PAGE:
You can do it with a thermometer clipped to the side of a giant pot of water. I've used a candy thermometer and a lobster pot. When you have enough the water, it's easy to keep the water at a constant temperature without messing with the burner too much.

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This is the technique I use which works great so long as you can babysit it. 22 quarts of water is quite a good buffer for mistakes so long as you're not doing anything pinpoint accurate. I get my steaks to 130 all year long. –  Brian Jan 21 '12 at 1:09

I have a turkey roaster that goes down to 160F on its temp dial. It provides a nice, even temp to water when it's filled. Same is true of my electric skillet, though that doesn't go quite as low.

There are also devices sold that will hook a thermometer to the electric supply of similar devices and cycle them precisely to maintain the temp.

Either way, you get a device you can use for other things, but it can be used to create the temp-controlled water bath that sous-vide requires.

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In all cases, you will need a precise thermometer.

For short durations, different hacks like the beer cooler method can work. But for extended cooking times (8 hours, or days), I'd recommend investing 40$ towards a pot that can do basically anything: the Presto multi cooker. Find a 10$ aquarium pump to create bubbles and thus create water circulation and you're set.

I have the real stuff (an ancient immersion circulator bought on Ebay) and I use the Presto as a second unit when I need more than one. I estimate that you can be precise to about ±0.7°, which might matter or not depending on what you are doing.

Update: For very long cooking, nothing beats a dedicated machine like the Sous-vide supreme, because there is no loss of water. With all other methods I had to make sure I refilled it twice a day. Beef ribs for 2-3 days at 58° are just so amazing...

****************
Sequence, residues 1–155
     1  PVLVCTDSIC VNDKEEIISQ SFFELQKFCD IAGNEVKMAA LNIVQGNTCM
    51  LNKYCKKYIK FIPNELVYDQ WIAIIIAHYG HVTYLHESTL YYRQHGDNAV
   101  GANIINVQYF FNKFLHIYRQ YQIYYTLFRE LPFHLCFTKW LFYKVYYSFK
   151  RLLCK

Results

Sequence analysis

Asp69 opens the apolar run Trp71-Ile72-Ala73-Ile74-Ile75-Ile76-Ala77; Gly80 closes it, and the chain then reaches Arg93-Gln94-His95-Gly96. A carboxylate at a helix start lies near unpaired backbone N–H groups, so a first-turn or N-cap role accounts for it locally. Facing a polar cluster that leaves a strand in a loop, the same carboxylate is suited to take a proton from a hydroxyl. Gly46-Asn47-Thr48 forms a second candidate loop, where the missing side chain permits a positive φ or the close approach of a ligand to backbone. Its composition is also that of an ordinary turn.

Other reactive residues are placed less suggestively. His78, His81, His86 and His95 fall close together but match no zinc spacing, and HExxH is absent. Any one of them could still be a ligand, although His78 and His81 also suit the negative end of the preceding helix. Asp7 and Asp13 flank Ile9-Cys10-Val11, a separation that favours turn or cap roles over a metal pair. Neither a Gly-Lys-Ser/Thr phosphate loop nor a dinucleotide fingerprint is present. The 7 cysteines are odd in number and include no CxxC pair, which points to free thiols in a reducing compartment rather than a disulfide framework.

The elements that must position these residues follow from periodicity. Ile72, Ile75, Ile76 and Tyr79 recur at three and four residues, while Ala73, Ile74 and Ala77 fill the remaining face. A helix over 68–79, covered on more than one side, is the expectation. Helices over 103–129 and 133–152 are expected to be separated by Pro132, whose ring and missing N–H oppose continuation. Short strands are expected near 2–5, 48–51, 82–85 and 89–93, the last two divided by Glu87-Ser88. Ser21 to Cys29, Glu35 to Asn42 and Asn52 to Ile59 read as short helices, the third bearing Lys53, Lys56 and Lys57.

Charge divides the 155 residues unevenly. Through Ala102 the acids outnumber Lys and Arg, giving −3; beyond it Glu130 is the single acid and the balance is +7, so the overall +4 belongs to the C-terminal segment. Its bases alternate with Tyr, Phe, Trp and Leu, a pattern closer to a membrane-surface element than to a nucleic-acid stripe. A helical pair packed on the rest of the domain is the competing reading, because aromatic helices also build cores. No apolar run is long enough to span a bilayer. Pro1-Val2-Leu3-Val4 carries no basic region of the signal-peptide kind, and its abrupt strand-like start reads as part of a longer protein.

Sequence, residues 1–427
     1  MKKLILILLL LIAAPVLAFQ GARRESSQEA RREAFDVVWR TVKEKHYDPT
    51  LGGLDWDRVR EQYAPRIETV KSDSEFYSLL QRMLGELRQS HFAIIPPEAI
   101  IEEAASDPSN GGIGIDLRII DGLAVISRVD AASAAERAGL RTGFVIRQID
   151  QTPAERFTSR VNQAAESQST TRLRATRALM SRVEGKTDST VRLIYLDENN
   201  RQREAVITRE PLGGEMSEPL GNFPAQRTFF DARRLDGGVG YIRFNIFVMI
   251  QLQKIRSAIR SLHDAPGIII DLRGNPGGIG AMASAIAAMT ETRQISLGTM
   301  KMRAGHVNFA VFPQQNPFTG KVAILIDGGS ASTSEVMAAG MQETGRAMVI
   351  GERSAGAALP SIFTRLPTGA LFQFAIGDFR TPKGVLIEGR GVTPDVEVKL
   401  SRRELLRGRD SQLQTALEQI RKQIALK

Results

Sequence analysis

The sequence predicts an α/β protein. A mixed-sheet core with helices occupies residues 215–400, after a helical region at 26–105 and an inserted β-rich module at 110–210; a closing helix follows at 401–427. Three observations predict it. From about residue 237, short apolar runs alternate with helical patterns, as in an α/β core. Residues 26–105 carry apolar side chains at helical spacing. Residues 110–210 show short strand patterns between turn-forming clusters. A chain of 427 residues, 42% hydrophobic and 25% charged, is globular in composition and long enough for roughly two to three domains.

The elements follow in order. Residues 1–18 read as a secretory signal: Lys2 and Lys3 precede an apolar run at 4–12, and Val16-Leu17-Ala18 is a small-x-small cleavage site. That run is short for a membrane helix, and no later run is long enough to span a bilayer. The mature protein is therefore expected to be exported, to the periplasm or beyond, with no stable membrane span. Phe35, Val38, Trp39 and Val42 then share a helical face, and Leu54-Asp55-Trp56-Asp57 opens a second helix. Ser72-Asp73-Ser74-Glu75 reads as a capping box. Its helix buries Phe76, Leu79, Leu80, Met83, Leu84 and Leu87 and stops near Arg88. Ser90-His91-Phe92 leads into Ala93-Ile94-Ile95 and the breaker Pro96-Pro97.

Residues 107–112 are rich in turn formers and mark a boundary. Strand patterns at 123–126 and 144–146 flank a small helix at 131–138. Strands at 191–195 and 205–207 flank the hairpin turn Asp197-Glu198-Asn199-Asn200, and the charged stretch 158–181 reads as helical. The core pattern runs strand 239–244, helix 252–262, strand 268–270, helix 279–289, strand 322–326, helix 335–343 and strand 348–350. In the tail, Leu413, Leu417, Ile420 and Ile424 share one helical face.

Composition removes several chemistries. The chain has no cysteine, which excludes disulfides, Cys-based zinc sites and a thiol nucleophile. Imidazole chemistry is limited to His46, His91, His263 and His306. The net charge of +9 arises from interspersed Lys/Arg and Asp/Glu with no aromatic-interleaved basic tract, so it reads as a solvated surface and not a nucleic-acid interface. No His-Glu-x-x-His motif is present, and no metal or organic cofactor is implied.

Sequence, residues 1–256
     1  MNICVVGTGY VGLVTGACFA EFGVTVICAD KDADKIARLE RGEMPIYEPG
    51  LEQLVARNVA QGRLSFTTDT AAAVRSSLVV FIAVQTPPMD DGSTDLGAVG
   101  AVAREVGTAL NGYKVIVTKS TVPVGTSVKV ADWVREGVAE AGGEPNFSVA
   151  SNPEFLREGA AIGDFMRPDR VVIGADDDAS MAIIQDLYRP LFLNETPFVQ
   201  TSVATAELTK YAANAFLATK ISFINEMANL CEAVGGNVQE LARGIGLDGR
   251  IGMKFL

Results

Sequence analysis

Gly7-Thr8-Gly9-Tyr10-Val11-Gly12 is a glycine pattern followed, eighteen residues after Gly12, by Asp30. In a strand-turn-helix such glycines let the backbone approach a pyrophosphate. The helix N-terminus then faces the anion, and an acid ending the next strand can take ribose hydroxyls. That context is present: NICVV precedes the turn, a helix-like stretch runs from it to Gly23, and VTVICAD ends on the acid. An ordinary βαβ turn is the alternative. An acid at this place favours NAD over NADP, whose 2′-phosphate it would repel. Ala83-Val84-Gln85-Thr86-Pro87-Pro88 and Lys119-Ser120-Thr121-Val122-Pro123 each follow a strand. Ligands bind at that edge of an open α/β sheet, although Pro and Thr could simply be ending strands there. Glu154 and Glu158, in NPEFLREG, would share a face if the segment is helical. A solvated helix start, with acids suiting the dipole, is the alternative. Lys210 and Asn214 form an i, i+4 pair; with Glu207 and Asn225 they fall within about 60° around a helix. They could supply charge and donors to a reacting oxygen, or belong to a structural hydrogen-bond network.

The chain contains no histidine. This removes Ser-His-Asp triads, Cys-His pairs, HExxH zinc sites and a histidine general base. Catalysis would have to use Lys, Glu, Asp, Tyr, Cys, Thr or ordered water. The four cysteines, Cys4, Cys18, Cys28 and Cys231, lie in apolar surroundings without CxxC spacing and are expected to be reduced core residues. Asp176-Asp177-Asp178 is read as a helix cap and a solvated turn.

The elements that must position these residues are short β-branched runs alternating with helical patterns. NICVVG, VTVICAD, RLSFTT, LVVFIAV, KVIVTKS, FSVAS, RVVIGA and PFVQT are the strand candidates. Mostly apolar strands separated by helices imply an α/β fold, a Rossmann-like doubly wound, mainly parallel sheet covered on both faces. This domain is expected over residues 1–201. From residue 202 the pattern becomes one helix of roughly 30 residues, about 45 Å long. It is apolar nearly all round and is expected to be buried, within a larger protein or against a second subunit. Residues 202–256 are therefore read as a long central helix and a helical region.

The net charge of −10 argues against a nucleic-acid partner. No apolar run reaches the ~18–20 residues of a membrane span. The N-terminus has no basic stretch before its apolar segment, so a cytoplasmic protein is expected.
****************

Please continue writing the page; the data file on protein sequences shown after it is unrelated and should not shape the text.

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Before you use a cooler bin for sous-vide, make sure you're aware of a few necessary precautions.

For thin cuts of tender steaks (1" or less NY Strip or Filet Mignon) or other tender meats (i.e. fish) that will safely cook in under two hours, the cooler bin can be a safe and inexpensive alternative.

But b sure to seal the cuts individually and allow enough room for water to circulate around each cut, or else risk dangerous temperature variations in the bath since there is no active heater or circulator.

Thicker cuts of meat require long term cooking. Famous sous-vide expert Douglas Baldwin notes that if you double the thickness of a cut, you should quadruple the time to ensure cooking safety. Since cooler bins lose 1-2°F temperature per hour, they may not hold the desired temperature long enough to properly cook a really thick cut of meat.

Cooler bin limitations affect other areas of sous vide cooking. You can not do long-term tenderization of meat at a specific temperature such as required for 72 hour sous vide short ribs.

Finally, food that is not sealed in food grade plastic may not be safe depending on the container you use. For example, cooking "cooler Corn" in cheap plastic beer coolers can leach toxic chemicals into your food. The websites out there promoting the awesomeness of "cooler Corn" neglect to mention that you can only make this technique safe if you have a large "food grade" styrofoam container (i.e. the same stuff that is manufactured to hold boiling water for tea or very hot coffee).

I'd advise against using a cheap plastic cooler without sealing your food "sous-vide" or you will risk contaimination.